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Title: Influence of high intensity focused ultrasound on the microstructure and c-di-GMP signaling of pseudomonas aeruginosa biofilms
Authors: Bharatula, Lakshmi Deepika
Marsili, Enrico
Rice, Scott A.
Kwan, James J.
Keywords: Science::Biological sciences
Issue Date: 2020
Source: Bharatula, L. D., Marsili, E., Rice, S. A., & Kwan, J. J. (2020). Influence of High Intensity Focused Ultrasound on the Microstructure and c-di-GMP Signaling of Pseudomonas aeruginosa Biofilms. Frontiers in Microbiology, 11, 599407-. doi:10.3389/fmicb.2020.599407
Project: 04INS000246C110
Journal: Frontiers in microbiology
Abstract: Bacterial biofilms are typically more tolerant to antimicrobials compared to bacteria in the planktonic phase and therefore require alternative treatment approaches. Mechanical biofilm disruption from ultrasound may be such an alternative by circumventing rapid biofilm adaptation to antimicrobial agents. Although ultrasound facilitates biofilm dispersal and may enhance the effectiveness of antimicrobial agents, the resulting biological response of bacteria within the biofilms remains poorly understood. To address this question, we investigated the microstructural effects of Pseudomonas aeruginosa biofilms exposed to high intensity focused ultrasound (HIFU) at different acoustic pressures and the subsequent biological response. Confocal microscopy images indicated a clear microstructural response at peak negative pressures equal to or greater than 3.5 MPa. In this pressure amplitude range, HIFU partially reduced the biomass of cells and eroded exopolysaccharides from the biofilm. These pressures also elicited a biological response; we observed an increase in a biomarker for biofilm development (cyclic-di-GMP) proportional to ultrasound induced biofilm removal. Cyclic-di-GMP overproducing mutant strains were also more resilient to disruption from HIFU at these pressures. The biological response was further evidenced by an increase in the relative abundance of cyclic-di-GMP overproducing variants present in the biofilm after exposure to HIFU. Our results, therefore, suggest that both physical and biological effects of ultrasound on bacterial biofilms must be considered in future studies.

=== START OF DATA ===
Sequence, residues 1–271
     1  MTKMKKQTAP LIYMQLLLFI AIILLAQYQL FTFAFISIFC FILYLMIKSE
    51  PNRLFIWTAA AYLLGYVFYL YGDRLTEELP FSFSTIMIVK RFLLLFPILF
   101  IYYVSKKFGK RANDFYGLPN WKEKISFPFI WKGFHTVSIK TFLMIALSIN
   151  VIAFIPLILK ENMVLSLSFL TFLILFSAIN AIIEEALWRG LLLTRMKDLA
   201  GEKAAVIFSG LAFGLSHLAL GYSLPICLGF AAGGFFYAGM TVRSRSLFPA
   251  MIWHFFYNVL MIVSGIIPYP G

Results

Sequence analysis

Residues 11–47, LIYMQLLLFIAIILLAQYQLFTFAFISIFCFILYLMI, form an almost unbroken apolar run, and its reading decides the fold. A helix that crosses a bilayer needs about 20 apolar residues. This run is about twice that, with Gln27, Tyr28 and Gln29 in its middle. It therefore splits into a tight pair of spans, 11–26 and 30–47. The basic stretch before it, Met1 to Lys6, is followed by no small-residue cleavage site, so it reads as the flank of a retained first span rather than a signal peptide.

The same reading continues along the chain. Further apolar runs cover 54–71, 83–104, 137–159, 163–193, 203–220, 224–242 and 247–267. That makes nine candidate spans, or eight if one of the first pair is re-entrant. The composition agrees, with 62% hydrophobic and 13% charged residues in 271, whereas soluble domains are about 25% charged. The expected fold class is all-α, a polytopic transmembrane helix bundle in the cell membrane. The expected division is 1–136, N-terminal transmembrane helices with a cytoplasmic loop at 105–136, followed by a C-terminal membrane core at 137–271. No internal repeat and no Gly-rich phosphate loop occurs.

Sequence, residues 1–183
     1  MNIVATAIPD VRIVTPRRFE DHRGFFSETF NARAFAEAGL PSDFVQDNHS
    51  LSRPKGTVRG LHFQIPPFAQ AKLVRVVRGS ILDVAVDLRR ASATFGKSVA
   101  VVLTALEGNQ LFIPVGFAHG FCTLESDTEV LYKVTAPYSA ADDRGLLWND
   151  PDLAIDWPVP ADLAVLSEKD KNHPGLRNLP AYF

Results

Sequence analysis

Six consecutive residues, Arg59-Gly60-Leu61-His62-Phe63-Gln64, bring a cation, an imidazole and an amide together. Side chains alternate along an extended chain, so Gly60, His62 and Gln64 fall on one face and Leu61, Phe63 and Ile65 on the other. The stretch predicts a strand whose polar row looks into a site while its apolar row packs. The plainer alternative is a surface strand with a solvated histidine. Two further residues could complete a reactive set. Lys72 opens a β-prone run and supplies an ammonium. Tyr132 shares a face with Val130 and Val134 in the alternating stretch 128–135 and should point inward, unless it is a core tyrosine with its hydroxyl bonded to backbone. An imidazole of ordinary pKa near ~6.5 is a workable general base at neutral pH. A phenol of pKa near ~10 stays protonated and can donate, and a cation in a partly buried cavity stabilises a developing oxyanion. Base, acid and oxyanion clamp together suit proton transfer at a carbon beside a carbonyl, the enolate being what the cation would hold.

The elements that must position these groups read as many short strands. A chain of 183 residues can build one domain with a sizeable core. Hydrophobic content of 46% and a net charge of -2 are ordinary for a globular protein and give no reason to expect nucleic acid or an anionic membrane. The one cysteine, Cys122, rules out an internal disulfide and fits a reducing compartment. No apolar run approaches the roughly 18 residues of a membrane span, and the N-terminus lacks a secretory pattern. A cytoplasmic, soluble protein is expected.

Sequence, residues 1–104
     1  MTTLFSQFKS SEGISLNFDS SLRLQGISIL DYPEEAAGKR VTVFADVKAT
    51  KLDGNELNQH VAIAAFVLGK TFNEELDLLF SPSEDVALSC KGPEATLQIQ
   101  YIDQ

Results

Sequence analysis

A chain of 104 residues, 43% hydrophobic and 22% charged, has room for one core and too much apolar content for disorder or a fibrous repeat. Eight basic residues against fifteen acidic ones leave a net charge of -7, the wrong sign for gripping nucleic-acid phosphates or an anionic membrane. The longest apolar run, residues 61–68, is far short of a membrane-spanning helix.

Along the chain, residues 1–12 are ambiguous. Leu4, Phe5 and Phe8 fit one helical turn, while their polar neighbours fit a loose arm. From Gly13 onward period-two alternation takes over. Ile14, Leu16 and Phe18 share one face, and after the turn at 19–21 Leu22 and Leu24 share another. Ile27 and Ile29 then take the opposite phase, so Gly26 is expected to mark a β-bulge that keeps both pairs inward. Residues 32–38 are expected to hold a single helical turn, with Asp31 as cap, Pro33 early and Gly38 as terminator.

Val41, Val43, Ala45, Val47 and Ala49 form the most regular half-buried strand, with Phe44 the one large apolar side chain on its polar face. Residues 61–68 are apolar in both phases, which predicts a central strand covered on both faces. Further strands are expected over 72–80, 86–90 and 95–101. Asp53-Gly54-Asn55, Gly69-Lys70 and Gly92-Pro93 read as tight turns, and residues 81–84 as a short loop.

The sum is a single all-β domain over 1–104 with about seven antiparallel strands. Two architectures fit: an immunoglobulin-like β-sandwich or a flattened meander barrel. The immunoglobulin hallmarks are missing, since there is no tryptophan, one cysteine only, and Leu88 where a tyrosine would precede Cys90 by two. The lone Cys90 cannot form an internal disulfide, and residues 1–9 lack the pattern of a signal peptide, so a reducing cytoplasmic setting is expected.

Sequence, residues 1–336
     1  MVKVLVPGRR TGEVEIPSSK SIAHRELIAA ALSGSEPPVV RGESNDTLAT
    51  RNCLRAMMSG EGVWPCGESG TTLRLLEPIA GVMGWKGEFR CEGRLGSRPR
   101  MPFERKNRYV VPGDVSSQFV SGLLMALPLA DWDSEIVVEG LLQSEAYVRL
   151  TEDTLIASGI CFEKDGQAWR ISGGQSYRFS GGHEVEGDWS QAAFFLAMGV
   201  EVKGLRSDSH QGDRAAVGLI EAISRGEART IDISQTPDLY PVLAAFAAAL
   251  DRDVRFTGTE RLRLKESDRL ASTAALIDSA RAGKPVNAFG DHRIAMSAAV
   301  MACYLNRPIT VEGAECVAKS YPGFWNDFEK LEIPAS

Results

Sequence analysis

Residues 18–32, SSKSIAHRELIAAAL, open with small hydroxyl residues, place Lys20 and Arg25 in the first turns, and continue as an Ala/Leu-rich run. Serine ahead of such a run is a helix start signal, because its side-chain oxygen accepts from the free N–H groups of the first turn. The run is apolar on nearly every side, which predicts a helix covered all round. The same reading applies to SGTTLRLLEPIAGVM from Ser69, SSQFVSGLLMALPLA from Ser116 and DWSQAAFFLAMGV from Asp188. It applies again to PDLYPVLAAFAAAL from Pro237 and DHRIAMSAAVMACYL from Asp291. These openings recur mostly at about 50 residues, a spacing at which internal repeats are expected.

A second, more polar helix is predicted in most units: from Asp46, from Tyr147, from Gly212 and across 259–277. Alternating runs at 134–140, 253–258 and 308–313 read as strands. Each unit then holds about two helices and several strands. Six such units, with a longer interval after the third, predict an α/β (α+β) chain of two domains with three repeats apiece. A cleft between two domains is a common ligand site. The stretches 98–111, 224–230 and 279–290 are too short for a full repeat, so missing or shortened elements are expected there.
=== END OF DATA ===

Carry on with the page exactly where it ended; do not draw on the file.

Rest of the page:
ISSN: 1664-302X
DOI: 10.3389/fmicb.2020.599407
Rights: © 2020 Bharatula, Marsili, Rice and Kwan. This is an open-access article distributed under the terms of the Creative Commons Attribution License (CC BY). The use, distribution or reproduction in other forums is permitted, provided the original author(s) and the copyright owner(s) are credited and that the original publication in this journal is cited, in accordance with accepted academic practice. No use, distribution or reproduction is permitted which does not comply with these terms.
Fulltext Permission: open
Fulltext Availability: With Fulltext
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